Many different groups, from area hospitals to county fire departments, met at the Lewis County EMS Building Monday to discuss their strengths and challenges in their responses to the June derecho and Superstorm Sandy.
The derecho knocked out power lines to homes, some for more than a week after the storm. Residents tried to beat the heat at fire department cooling stations, but they couldn't fill the whole need, something the group wants to address.
"One suggestion is we look at means other than fire departments to provide cooling and warming stations for the citizens, and we've done that through a grant a couple years ago in the Ireland Community Building, and a bunch of citizens down there to do that," said Bill Rowan, director of the Lewis County Office of Emergency Management.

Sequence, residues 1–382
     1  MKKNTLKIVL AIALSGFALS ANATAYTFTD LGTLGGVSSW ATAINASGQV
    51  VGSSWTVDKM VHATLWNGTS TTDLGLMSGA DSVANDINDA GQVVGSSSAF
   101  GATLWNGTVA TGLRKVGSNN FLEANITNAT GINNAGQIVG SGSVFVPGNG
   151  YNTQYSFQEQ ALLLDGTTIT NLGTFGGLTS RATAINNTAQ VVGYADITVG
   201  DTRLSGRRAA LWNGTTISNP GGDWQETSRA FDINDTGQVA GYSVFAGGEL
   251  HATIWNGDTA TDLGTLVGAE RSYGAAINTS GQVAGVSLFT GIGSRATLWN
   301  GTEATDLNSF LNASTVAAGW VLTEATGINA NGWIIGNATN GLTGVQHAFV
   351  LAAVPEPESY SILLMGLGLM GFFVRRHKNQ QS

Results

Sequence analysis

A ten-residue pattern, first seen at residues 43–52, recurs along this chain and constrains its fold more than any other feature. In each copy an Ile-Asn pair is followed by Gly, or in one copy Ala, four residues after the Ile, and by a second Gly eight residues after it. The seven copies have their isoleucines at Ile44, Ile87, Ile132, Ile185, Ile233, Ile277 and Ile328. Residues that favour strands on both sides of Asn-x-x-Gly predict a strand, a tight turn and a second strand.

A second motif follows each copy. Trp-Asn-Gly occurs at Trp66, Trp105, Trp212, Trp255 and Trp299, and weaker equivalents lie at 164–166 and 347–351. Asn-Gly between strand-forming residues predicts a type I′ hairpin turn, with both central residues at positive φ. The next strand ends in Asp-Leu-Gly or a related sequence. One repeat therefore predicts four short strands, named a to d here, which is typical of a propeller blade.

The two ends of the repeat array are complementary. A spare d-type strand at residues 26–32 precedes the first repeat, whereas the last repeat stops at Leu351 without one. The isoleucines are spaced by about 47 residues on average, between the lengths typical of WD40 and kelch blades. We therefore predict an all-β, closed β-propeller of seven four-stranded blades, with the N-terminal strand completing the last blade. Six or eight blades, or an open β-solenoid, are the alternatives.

Then just before Halloween, Superstorm Sandy blew through, knocking out power again and dumping feet of snow in parts of the county. But this time the county was better prepared, something these meetings work towards.
"I think anybody was more prepared and with these meeting that we had today, that'll just continue to help us be more prepared to help in any situation, and I think that's good for both the agencies as well as the citizens of the county," said Lewis County Commissioner Agnes Queen.
Rowan said the residents of the county and emergency responders played a big role in keeping people safe, and that he'll keep preparing for the next event.
"We're all in this together, and we'll get through it all together. The only thing we can do is hope for the best and prepare for the worst," said Rowan.
Rowan's already taken some ideas from the meeting Monday and will be working to update the county's emergency plan to reflect the lessons learned from those storms.